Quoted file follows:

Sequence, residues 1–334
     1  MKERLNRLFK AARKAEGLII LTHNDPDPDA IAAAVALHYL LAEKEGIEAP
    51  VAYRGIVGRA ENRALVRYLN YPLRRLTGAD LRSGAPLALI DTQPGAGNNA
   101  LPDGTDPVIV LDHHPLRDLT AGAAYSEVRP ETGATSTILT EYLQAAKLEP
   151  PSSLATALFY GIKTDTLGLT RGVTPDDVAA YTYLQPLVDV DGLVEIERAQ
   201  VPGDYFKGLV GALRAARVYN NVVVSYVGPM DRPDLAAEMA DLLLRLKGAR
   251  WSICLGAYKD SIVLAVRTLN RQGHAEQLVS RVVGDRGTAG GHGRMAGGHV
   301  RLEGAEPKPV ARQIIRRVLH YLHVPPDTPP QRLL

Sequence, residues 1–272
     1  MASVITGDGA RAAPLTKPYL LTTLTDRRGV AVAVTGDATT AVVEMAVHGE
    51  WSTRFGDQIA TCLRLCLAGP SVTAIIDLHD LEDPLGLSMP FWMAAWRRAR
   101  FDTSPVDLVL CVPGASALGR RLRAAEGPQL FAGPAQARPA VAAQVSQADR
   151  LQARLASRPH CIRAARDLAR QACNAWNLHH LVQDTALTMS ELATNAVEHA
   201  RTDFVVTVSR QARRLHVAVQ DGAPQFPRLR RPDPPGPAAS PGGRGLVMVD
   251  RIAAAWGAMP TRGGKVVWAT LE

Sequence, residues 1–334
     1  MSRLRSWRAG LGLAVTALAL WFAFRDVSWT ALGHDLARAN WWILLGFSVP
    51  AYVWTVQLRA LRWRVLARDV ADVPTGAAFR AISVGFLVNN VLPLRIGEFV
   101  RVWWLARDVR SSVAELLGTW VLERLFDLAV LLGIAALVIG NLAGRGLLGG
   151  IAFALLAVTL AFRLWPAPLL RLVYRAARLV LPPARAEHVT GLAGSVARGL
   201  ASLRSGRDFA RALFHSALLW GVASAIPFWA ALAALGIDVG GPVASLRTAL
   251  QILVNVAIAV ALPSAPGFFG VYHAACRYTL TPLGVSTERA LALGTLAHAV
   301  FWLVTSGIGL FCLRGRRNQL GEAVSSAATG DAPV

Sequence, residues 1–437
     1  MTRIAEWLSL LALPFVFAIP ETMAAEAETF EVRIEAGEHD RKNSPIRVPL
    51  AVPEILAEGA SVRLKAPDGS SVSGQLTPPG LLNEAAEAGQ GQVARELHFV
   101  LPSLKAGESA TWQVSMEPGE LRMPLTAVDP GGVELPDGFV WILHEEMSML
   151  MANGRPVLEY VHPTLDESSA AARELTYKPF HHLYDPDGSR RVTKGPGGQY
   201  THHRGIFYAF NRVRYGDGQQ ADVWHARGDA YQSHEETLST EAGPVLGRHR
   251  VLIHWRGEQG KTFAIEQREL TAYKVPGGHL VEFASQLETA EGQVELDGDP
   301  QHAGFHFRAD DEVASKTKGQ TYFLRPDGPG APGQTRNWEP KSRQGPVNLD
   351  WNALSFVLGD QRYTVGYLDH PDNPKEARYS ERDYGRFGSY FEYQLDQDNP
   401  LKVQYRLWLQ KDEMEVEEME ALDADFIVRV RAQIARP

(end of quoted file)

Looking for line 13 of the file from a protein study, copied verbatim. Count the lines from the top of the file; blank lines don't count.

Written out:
   151  LQARLASRPH CIRAARDLAR QACNAWNLHH LVQDTALTMS ELATNAVEHA